Dallas Wells: Greg, if you’re looking for that nugget to take home that I promised you, you and Brett, Gangnam Style video as soon as you get back. There was a few other questions out there.
Speaker 7: This questions for Sean. One of the big things that’s kind of pervasive in the banking industry right now is embedding risk management into your culture. I think having a fundamental understanding of the asset liability management is part of that. What are some of, maybe, the best practices that you’ve seen at some of your client banks, and how they impart that fundamental A.L.M. knowledge throughout the organization?
Sean Doherty: Great question. It really begins with having information that you can impart easily to your staff and to your team members. ‘Cause if they can’t see it, they can’t buy into it … One of the biggest things that we’ve seen in our clients is that they have a better understanding of exactly what their balance sheet looks like. We, as an industry, have been playing and managing by fear. We’ve managed our interest rate risk with the fear that if rates go up, I’m going to look stupid. One of the things that we’ve really been able to demonstrate, Jill alluded to this earlier, is if you truly understand the dynamics of the liability side of your balance sheet and how long the durations of those liabilities are, and how important those are to the funding of the asset side, once you kind of get that, that fear kind of falls away.
Because I can … Countless times I’ve been in consultation with clients who would say, “We never do five year loans. We’ve never done them, we’re never going to do them.” I’d say really? Because that doesn’t make sense to me. You got liabilities that are roughly 15 years. But they don’t see that. They see oh, I’ve got these daily demand deposits that could go away tomorrow. Yes, they could, but they won’t. Trust me, they aren’t going anywhere. Our job was to demonstrate that and show that. That there is a way to measure it and to … Once management understands that, it’s like oh, okay, so five year loans aren’t the devil. Particularly in the last 7 years, I would argue that when you’re in a zero interest rate environment, if you are not modestly extending durations on the asset side in response to that, then you are mismanaging that balance sheet.
Because, John made the point yesterday which I thought was excellent, and that is if you believe that no rate change is safe, then you don’t fully understand exactly what you’ve got. As an investment guy, that was one of the things that I always rustled with. Clients would say, “Well no, I’m going to stay in fed funds can I need liquidity.” I’d say, “Okay, you need liquidity. How much liquidity you need?” “Well, I don’t know, but I’m going to have as much as I can have.” I said, “Okay, so you’re going to” …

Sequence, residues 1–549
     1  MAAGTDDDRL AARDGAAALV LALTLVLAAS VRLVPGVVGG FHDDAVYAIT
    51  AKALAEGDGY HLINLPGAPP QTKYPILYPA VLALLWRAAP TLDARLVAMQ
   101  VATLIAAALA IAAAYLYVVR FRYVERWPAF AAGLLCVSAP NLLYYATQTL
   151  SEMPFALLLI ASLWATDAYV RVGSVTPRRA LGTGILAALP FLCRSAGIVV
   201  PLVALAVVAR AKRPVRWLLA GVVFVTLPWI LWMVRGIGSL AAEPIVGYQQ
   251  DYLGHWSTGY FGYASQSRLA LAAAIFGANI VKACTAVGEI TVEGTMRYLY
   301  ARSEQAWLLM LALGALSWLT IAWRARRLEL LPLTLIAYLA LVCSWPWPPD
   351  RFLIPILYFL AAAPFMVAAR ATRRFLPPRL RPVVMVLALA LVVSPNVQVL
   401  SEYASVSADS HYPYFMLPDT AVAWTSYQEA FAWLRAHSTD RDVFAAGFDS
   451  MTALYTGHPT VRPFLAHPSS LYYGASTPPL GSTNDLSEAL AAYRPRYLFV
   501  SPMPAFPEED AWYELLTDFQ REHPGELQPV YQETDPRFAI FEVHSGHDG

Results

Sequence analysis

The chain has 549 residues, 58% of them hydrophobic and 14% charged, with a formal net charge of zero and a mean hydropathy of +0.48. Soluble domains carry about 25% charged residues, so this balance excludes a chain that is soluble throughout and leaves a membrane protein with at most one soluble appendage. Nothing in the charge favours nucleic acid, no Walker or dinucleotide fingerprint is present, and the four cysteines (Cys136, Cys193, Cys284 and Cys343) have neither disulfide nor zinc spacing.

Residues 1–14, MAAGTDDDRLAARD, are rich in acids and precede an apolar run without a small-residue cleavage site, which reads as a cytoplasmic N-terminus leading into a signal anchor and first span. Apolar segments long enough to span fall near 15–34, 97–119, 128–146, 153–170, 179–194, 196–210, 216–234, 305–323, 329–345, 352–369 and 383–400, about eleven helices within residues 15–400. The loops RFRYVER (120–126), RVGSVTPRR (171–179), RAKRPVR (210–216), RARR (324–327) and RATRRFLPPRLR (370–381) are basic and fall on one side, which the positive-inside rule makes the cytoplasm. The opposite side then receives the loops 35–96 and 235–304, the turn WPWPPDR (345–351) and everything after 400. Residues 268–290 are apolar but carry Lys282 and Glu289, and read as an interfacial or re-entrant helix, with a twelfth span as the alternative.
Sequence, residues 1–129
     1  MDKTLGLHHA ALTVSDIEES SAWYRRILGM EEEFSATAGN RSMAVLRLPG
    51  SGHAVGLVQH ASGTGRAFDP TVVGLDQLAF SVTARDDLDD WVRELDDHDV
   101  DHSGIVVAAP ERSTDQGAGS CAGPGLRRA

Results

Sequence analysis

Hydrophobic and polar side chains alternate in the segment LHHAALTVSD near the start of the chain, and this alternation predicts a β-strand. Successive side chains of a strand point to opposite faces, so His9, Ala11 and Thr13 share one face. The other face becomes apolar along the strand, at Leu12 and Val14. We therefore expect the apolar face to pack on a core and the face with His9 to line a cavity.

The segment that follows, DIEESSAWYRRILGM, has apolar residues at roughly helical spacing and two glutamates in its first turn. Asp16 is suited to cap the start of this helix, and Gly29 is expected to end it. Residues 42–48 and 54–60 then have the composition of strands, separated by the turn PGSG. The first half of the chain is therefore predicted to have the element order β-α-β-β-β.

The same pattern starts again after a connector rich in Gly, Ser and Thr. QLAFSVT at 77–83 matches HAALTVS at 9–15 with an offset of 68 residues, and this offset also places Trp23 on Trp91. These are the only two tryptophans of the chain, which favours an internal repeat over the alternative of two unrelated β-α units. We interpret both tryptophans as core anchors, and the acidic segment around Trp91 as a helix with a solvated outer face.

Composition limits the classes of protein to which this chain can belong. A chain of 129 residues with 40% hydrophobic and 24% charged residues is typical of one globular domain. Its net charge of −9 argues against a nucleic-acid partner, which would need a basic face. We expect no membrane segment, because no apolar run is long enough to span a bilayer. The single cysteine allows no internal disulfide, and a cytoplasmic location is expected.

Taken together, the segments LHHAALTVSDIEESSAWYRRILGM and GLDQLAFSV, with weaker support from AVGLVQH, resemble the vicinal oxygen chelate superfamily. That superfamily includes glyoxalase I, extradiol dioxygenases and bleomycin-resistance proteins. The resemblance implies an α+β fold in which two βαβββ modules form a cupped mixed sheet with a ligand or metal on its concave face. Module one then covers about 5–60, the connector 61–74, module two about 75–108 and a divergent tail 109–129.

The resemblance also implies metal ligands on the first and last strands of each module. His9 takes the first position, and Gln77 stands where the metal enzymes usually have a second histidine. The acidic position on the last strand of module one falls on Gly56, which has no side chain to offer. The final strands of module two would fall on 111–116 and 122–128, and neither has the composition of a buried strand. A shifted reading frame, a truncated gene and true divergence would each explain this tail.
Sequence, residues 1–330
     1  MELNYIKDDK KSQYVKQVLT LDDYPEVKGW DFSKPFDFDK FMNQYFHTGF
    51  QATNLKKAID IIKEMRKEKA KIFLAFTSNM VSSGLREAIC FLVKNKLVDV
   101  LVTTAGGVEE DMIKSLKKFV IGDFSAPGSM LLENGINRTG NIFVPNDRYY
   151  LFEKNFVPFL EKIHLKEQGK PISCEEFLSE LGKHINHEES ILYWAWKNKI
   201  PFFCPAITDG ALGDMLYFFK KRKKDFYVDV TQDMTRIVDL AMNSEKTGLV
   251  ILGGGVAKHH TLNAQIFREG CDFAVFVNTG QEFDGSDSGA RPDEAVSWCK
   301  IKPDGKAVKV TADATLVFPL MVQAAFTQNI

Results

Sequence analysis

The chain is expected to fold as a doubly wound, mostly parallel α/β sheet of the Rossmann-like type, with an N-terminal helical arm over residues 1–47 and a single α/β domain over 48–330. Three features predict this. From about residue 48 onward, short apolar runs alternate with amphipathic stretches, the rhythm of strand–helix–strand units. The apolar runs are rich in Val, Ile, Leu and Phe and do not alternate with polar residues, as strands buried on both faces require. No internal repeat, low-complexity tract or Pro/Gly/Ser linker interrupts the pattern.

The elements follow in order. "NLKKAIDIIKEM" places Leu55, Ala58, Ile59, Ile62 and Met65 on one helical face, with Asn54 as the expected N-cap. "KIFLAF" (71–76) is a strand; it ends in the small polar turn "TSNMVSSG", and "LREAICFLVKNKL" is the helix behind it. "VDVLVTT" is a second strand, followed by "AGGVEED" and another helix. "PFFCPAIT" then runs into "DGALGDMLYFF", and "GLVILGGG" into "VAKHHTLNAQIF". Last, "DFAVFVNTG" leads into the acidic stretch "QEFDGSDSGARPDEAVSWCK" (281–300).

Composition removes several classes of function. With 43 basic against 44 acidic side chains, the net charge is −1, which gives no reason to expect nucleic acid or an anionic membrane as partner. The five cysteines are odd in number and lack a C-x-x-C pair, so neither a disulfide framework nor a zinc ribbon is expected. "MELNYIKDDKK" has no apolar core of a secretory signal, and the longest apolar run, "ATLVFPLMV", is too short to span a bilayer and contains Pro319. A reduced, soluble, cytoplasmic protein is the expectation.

If you explore that a little bit further it is well, I think rates are going to go up and if rates go up I’m going to be ready for them. I agree. If that’s your conviction, you need to manage to your conviction. At some point though, you have to look back and say is my conviction right, and how am I obtaining that conviction, and should I change the method by which I measure what my conviction should be.
We always tell clients, “When you start your ALCO meeting, you should get an understanding of what the interest rate bias is of the members of that committee. Because until you have an understanding of what the interest rate bias is, you can’t interpret any of the output correctly. If your interest rate bias is that rates are going to go up tomorrow and go up a lot, then I’m going to interpret what I see differently than if my conviction is rates could go up, but I don’t see any way they’re going to move up soon and to any large degree. That gives me a whole different perspective on that balance sheet. That’s what I want to try to get. That’s what I want to try to understand. When I understand that, then I can impart that to the team. Once they understand it, they become more confident in the decisions that they make.
They also see oh yeah, I can see that that decision had this impact. Because, in our banks, we tend to create committees. These committees do different things, and these committees don’t talk to teach other very often. We have a loan pricing committee on Tuesday, we have a deposit pricing committee on Thursday, and whatever decisions were made here have no impact on this committee. That’s nonsense. One of the things I think that helps is to have a story that you can tell about your bank that shows here’s how every decision that you guys make impacts what the results are at the end of the day, and why I don’t want you to be afraid to make certain decisions. Because, again, if we manage by fear we’re in the wrong business. We have to have some conviction in order to understand where we’re going.
What I would argue is, if you can tweak whatever asset liability reporting that you’re doing to show the picture of where you are as an institution, you can share that with … Board members will understand it, staff will understand and most importantly, your committee members will understand it.
Dallas Wells: I think an important point there, Sean, and one that we talk about a lot even with the pricing decision part of it, is transparency. Banks are so … I get the reason for being very protective of your customers’ data, but the bank’s data … There’s no reason for all the cloak and dagger stuff, and especially ALCO. You ask most bank employees what ALCO is, it’s the super secretive backroom thing. That’s kind of the heartbeat of the bank. That’s what’s driving a lot of the other results and a lot of the decisions. Share that stuff, and find a way to make it … Pictures help. Find a way to get some charts so that people understand if rates do this, here’s what happens to us. That’s why we’re making these decisions.